The young and married

Committed young Christians place emphasis on marriage
Sunday, May 2, 2004 | 12:00 a.m. CDT; updated 4:49 p.m. CDT, Saturday, July 19, 2008

Before Jan. 3, Megan Roe, 20, always gently ousted her high school sweetheart, 23-year-old Andy Roe, out of her home when the clock struck midnight.

Although there were no parents enforcing this rule — as they had during the budding years of their romance, when her parents sometimes limited their dates to strolls around the block — the couple wanted their relationship to mirror their religious beliefs about being pure before marriage.

But Jan. 3 was their wedding day, and for the first time in their five-year courtship the two were able to fall asleep in each other’s arms.

“God is the center of our marriage. He helps our relationship with each other and influences our ability to (positively) interact with each other,” said Megan Roe, who studies secondary education at MU.

Since the 1970s, when it was common for couples to marry in their early 20s, the average age for walking down the aisle has risen. According to the 2000 census, the average American woman now marries at 25 and the average American man at 27. However, it appears committed young Christians such as the Roes are more likely to marry at younger ages.

One reason is the role marriage plays among such groups of Christians.

“Christianity has always regarded marriage as a vocation, a divine calling that allows men and women to grow closer to God by making a complete gift of themselves to one another,” said Colleen Carroll, author of “The New Faithful: Why Young Adults Are Embracing Christian Orthodoxy” (Loyola Press, 2002).

“Since these young Christians focus on dating people who share their values and with whom they can share a life, it’s not surprising that they would find suitable spouses sooner than secular peers,” Carroll said. “For (them), dating is not a recreational sport. It’s a search for a spouse.”

Even though not every young Christian is on the hunt for a mate, she said, the ones who are will treat dating as a stepping stone to marriage.

Nineteen-year-old Erin Todd and 20-year-old Joe Allyn, one of six engaged couples who attend MU’s Reformed University Fellowship, took this approach to dating and plan to marry shortly after Todd graduates in May 2005.

That’s a different perspective than “average Americans,” who are marrying older because they are moving away from the institution of marriage, said sociologists Robert Schoen and Nicola Standish in “The Retrenchment of Marriage: Results from Marital Status Life Table for the United States,” published in 1995.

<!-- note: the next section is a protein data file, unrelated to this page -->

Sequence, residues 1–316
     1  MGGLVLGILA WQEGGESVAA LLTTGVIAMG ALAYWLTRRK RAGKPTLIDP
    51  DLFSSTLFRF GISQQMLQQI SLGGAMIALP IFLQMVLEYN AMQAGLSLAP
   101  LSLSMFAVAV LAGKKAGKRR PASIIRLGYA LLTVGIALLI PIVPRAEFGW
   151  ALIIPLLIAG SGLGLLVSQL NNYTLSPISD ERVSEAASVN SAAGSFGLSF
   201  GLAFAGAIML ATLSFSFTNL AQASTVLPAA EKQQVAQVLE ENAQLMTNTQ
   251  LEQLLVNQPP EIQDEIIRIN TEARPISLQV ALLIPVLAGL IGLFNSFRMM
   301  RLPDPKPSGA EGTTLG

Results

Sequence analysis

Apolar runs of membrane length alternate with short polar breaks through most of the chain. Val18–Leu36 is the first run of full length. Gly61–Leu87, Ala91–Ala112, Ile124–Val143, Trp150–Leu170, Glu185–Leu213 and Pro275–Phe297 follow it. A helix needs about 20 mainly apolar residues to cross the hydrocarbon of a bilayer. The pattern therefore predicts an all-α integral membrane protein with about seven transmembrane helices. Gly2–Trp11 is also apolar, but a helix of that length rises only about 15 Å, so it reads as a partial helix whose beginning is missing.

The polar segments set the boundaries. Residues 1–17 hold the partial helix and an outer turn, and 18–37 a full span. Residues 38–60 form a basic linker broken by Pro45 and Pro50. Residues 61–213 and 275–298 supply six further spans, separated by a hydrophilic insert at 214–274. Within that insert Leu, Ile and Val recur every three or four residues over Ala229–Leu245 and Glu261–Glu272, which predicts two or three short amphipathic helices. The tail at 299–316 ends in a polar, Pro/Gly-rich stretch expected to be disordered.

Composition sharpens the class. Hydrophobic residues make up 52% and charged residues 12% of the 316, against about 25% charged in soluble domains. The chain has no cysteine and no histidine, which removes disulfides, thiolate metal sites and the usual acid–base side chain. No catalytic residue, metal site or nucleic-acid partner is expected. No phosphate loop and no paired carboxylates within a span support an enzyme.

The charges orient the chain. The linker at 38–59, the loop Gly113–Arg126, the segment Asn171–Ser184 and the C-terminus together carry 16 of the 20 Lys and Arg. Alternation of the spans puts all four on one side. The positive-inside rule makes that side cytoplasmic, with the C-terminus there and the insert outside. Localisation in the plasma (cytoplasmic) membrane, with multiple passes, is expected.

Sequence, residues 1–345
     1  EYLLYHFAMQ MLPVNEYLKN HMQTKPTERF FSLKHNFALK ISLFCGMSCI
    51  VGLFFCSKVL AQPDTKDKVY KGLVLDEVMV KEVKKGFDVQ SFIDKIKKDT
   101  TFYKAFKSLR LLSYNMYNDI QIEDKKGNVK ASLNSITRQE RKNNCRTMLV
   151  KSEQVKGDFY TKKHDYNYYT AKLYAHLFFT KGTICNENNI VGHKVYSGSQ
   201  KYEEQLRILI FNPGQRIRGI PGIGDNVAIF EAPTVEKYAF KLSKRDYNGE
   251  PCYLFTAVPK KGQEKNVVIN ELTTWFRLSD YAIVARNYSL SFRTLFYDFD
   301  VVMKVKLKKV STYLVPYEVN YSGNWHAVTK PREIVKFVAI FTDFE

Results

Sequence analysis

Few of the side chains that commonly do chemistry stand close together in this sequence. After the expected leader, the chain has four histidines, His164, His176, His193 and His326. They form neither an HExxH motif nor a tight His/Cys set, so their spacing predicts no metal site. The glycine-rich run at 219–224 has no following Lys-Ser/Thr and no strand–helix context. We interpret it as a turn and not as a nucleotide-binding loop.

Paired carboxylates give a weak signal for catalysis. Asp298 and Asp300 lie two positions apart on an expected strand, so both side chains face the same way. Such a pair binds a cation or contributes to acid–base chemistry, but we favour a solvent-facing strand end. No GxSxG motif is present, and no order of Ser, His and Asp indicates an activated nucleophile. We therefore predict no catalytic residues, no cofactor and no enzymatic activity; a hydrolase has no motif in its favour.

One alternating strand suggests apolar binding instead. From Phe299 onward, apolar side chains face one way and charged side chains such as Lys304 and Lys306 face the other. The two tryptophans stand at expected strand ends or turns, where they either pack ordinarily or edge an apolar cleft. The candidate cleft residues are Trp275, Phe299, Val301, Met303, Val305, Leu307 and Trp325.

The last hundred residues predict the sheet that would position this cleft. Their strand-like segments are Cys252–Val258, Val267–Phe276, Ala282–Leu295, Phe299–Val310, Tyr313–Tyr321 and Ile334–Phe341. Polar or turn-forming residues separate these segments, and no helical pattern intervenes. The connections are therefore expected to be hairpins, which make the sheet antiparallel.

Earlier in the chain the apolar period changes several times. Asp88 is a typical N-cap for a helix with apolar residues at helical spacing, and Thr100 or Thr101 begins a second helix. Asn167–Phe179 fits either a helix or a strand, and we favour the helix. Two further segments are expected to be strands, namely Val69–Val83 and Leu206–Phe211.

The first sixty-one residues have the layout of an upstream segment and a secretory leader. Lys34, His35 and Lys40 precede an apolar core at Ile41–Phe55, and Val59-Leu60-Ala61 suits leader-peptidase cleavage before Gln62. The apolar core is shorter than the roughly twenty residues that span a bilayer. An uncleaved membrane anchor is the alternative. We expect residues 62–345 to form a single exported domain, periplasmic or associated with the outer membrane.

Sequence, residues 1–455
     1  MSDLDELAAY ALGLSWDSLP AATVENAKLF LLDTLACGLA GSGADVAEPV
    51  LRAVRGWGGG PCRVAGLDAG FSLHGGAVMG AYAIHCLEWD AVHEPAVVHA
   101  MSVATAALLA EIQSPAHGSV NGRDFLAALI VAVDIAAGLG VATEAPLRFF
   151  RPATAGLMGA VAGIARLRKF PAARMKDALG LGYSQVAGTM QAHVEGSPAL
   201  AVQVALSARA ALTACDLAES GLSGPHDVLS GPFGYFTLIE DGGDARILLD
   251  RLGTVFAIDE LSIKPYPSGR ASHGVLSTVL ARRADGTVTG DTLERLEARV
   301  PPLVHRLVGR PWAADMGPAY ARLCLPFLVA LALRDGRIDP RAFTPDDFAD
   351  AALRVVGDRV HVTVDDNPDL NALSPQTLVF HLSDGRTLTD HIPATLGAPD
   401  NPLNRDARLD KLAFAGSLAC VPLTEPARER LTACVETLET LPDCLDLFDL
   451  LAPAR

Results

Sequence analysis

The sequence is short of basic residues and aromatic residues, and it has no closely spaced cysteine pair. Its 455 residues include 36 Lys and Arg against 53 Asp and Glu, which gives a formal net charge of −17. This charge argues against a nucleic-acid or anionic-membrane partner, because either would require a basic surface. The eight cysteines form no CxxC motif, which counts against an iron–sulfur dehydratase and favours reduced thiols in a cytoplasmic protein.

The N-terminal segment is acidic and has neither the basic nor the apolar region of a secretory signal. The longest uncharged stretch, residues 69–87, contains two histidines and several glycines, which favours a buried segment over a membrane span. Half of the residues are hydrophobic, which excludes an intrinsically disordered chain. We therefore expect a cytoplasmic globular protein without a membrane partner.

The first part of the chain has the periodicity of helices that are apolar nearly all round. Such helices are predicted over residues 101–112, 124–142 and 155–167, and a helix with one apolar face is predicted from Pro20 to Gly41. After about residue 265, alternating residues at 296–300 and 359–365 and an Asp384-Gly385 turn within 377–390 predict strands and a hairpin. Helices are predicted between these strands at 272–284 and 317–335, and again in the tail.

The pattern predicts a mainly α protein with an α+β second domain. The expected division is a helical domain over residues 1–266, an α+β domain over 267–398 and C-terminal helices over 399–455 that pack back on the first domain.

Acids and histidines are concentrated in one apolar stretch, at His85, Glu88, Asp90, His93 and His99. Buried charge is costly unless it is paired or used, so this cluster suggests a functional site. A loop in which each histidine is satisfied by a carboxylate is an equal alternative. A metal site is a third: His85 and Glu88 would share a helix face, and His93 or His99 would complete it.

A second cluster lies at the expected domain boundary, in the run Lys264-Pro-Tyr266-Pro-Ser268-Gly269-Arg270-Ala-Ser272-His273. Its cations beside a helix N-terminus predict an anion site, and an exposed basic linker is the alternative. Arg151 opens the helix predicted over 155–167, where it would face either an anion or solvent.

The Rev. Corey Whitaker, who serves at the Roes’ nondenominational church, Christian Campus House, described the relationship between God and a Christian couple as a triangle, “with God at the top and then the husband and wife at the other points ... as they (the couple) move closer to God, the closer they move to each other.”

“I am certain that the Lord brought Erin into my life,” said Allyn, who trusts that even when they experience financially lean times — likely, given that he will still be in school at the time of their wedding — God will take care of them.

In part, this lack of worry about material wealth factors into decisions to marry, said Whitaker, who knows of at least 10 young married couples at Christian Campus House. “They (younger Christian couples) are driven in different ways,” he said, adding that they are often more focused on establishing relationships, not on achieving financial or work-related success.

Also contributing — many would say obviously — is a commitment to wait until marriage to become sexually intimate, said both Whitaker and the Rev. John Drage, campus minister at The Rock, where there are six engaged couples and one recently married couple.

“Since sex outside of marriage is not considered a valid option for young orthodox Christians, the sexual attraction that might lead other young adults to move in together would lead these young adults to walk down the aisle,” Carroll said.

Although Allyn and Todd said many people have questioned the wisdom of their pending marriage because of their youth, Rutgers University’s National Marriage Project found no evidence it is best to delay marriage, as the average American is doing. “The question of the optimum age to marry is still open,” the project notes.

The Roes said they thought they married at their optimal time because they knew each other well, had grown in their faith in God and were ready to start their lives together because Andy will graduate this month from Columbia College with a degree in computer science.

“I don’t have to kick him out at midnight,” Megan Roe said with a smile, “and I can just look at the future and know we will be together.”

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